By: Carman Fowler
Each spring, the city of Camden, South Carolina plays host to around 65,000 people donning bow ties and Lilly Pulitzer along with some of the best jockeys and Thoroughbreds that have come to watch and participate in the Carolina Cup, the largest steeplechase horse race that began over 80 years ago.
Held at Camden’s historical Springdale Race Course, the 600 acre property was deeded to the state by Marion du Pont Scott under the stipulation that it continue to be solely for equine use. In addition, Mrs. Scott requested that the races raise money for the Kershaw County Health system of hospital and healthcare centers. To date, the races raise around $90,000 a year to help provide better equipment and services to the citizens of Camden and surrounding areas.
Camden is known for its exceptional training of racehorses and young Thoroughbreds, and many of the horses that are trained in the town’s facilities become future participants in the prestigious race. The town occasionally becomes the permanent home of retired champions as well.
Falling on March 30th this year, fans from all over will flock to the racetrack. Gates open at 9 a.m. and many dedicated attendees wake with the sun to get a head start to beat traffic and set up their tailgate spots. Well-informed fans come prepared, knowing that rain or shine, the races must go on. Luckily, most years you’re more likely to see women decked out in their oversized sunhats and pearls than a raincoat. Patrons stream in through multiple access gates, women trotting through grass in their high heels and men attempt to drag carefully packed coolers filled with food and drinks for the day. It’s a BYO event - no food or drink vendors will be in sight. And, although I doubt you'll forget your phone at home, be aware that it probably won't get service. The cell phone towers normally handle around 7,000 citizens, not 65,000. From personal experience, just know that you're not going to get a call through.
Although betting is illegal in South Carolina, the races are still riveting and fantastic to watch with the Cup being an important part of the steeplechase circuit. From tailgating to showing off your carefully crafted outfit, the Cup is an experience, and not one to miss.
Each year, the Cup attracts a large number of university students from SC, NC and GA, amongst other places. The students have their own tailgating section, College Park, a place commonly viewed as “party central.” Unfortunately, amongst all fun and races, last year 227 students were arrested for a range of offenses.
In order to keep out of trouble, there are a few things to remember:
Do not drink and drive, know your limits and don’t get too drunk. A little drinking is fun, but too much can lead to an arrest. Besides that, combining drinking and a hot South Carolina day can lead to unfortunate consequences. Even if you aren’t drinking, remember to stay hydrated - heat stroke is a definite concern. Staying safe and out of trouble is as simple as using your common sense.
Tickets can be purchased either from the Carolina Cup Racing Association Office in person or over the phone at (803) 432-6513 or (800) 780-8117. You can also purchase them from the Colonial Life Arena over the phone at (803) 576-9200 or from the online store.
Before you head out to the races, there are some terms you should familiarize yourself with. The Cup is a steeplechase race, meaning that over the course of the race, the horses have several obstacles to jump over at a high-speed. Horse races have their own vernacular so we’ve included some words you might hear:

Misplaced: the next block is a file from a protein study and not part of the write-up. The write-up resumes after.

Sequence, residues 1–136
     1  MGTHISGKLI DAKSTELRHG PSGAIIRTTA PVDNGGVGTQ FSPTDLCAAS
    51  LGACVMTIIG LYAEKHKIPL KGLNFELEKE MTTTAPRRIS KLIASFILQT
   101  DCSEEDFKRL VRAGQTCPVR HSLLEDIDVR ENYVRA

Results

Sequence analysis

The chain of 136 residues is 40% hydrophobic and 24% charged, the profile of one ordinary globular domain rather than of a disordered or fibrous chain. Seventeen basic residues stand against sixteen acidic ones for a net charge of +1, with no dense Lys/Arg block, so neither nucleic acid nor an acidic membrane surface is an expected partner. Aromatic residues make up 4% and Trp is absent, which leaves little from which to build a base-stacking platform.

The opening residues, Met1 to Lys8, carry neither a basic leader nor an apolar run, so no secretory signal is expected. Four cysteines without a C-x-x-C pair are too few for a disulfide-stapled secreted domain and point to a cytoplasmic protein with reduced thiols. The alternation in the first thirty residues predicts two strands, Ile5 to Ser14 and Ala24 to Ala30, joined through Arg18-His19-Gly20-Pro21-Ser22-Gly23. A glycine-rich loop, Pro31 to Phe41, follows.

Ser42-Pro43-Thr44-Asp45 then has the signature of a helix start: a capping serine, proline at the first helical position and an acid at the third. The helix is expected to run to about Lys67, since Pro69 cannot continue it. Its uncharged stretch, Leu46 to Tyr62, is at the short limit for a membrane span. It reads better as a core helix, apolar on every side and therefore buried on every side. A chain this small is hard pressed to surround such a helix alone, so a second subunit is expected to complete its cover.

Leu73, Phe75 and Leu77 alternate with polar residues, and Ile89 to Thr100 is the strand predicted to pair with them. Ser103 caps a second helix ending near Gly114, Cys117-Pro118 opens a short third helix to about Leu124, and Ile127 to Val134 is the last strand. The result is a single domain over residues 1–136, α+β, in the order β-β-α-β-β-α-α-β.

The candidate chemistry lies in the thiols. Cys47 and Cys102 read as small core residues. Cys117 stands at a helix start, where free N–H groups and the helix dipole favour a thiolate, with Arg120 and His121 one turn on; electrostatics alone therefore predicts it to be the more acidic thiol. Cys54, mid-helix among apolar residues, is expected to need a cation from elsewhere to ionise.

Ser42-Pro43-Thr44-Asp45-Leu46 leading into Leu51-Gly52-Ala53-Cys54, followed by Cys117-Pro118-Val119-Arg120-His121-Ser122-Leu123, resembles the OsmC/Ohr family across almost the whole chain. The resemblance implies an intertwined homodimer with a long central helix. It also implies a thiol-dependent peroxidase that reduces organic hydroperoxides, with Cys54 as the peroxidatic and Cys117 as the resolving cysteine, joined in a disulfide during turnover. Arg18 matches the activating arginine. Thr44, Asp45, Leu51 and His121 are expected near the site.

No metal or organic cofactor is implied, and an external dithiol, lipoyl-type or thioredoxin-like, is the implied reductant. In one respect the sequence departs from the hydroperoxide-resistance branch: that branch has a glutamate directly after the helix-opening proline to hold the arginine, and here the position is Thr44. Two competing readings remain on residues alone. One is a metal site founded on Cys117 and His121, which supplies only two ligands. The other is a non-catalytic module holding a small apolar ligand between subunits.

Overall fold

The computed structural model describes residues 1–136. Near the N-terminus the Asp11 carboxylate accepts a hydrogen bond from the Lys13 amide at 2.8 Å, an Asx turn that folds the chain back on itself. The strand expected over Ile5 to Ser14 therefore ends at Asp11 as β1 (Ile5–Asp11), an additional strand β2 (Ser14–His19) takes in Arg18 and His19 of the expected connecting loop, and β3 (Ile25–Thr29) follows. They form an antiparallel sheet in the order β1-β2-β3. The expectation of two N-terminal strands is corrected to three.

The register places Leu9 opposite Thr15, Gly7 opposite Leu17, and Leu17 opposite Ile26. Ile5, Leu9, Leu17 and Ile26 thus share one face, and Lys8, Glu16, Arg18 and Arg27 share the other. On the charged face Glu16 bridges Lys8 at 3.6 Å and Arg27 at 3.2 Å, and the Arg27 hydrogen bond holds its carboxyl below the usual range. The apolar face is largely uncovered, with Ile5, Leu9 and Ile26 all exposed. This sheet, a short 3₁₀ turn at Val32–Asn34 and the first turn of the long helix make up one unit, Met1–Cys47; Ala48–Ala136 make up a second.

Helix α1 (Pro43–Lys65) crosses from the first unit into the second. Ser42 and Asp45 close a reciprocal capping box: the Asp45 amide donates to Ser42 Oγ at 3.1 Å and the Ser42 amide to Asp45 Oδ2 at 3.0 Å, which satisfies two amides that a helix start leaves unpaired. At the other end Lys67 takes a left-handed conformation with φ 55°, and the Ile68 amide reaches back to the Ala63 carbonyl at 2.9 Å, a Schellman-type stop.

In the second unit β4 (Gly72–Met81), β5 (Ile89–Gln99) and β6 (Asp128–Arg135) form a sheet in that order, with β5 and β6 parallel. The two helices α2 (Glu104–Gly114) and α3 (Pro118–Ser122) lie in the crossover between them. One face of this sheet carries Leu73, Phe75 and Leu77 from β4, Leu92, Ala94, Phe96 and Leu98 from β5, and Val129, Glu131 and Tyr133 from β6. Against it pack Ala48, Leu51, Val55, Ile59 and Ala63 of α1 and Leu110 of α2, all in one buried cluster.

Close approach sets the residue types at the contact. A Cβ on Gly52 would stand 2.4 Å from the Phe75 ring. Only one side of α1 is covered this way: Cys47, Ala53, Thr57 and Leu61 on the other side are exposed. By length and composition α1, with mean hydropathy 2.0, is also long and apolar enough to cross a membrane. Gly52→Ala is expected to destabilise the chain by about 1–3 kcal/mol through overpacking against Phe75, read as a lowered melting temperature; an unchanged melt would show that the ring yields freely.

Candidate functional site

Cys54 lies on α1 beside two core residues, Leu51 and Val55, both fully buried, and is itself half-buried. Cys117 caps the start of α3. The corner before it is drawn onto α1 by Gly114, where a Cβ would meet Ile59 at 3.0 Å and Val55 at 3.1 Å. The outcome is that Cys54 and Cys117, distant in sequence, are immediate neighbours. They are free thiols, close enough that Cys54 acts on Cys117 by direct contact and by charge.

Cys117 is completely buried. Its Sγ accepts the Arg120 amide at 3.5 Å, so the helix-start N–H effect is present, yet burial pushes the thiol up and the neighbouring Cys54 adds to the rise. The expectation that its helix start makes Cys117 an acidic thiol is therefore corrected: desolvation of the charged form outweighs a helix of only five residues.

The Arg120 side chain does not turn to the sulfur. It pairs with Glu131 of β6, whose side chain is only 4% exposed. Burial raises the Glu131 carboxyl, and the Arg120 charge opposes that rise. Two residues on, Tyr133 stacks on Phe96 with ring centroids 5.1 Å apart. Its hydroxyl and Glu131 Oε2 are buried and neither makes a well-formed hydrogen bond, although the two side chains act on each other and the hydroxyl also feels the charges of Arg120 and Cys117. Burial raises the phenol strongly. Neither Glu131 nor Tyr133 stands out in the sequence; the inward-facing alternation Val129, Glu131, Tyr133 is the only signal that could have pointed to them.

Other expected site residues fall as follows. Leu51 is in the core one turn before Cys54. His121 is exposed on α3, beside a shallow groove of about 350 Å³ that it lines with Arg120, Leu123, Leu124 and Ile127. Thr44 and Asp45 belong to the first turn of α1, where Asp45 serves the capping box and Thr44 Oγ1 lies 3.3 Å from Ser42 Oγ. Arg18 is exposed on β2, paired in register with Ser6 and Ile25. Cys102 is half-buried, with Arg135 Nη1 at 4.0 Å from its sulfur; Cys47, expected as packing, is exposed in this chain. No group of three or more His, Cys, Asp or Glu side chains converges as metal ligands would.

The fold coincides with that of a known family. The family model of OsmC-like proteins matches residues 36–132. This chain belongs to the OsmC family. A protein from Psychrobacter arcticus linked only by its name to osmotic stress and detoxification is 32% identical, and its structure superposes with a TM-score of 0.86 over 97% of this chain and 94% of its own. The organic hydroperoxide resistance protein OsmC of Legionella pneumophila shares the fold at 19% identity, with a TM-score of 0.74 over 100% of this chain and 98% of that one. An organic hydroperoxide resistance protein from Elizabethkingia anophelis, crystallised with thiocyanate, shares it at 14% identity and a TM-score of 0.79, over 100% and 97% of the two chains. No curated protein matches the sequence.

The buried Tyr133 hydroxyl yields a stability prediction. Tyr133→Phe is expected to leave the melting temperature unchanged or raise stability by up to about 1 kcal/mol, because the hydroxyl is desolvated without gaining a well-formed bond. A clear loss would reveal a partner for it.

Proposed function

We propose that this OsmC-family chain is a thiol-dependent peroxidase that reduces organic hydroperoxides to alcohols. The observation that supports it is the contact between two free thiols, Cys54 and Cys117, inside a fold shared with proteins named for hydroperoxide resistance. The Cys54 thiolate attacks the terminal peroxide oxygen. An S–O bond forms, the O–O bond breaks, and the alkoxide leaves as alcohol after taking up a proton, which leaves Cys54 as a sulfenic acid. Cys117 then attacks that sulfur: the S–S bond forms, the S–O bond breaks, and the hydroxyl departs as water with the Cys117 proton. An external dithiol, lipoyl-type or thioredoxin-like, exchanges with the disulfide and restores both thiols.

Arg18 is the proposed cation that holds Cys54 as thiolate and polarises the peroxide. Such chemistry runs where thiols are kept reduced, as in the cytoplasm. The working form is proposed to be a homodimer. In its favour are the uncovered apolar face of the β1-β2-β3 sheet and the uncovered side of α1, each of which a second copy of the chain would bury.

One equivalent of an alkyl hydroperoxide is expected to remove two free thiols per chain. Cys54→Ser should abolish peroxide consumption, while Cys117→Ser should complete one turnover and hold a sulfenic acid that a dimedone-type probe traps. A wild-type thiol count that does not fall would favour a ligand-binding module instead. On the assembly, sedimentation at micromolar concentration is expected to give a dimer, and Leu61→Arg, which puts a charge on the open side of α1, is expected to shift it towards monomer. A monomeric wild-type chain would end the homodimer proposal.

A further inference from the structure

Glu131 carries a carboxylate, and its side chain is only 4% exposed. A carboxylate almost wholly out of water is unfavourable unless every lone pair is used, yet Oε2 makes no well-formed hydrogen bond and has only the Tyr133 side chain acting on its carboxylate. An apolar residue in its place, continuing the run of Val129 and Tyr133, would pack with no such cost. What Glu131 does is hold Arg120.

At the post: The point at which horses gather before the start of the race
Blow out: When a roughy wins
Bog: A severely rain affected track
Break: The start of a race
Field: All the horses in the race
Hacked up: When a horse wins easily
He gave him a cold: When a horse flashes past another
Mud lark: A horse that likes wet tracks
Roughy: A horse with long odds
Scratch: When a horse is withdrawn prior to the race
Swooper: A horse that comes from the back of the pack during the last part of the race
Do’s and Don’ts
By: Sarah Martin
- Invest in Lilly Pulitzer or Southern Tide.
- Like “Carolina Cup Racing Association” on Facebook to keep up with official updates and information.
- Brush up on racing terms:
- “Gait” refers to the manner in which a horse moves
- “Handicapping” means evaluating a horse’s past performance to predict the outcome of the race.
- “Groom” is the caretaker of a horse, not to be confused with what you’re pressuring your boyfriend to be.
- Take plenty of pictures. How many times in your life will you be able to wear a huge, floppy sunhat and pretend you’re somebody?
- Take advantage of everything the event has to offer. Watch the races, shop the tents, meet new people, and have fun!
- Drink too many mint juleps before the races even begin; you want to remember these moments, rather than remembering stumbling onto the horse-trodden dirt.
- Participate in public displays of affection. Remember, Instagram is your friend, #gamecockmakeout is not.
- Pig out on too many southern hors d’oeuvres. Salty food dehydrates the body and will leave you in dire search for water.
- Believe your skin is invincible to the sun’s rays - those sunhats are tradition for a reason. Wear plenty of sun block and bring sunglasses.
- Gamble away your college savings on the races. You may think Spy in the Sky* is the clear winner, but Lonesome Glory* may make a comeback and cause you to lose your study abroad cash.
*Both are real names of past winners. G&B could not make that up.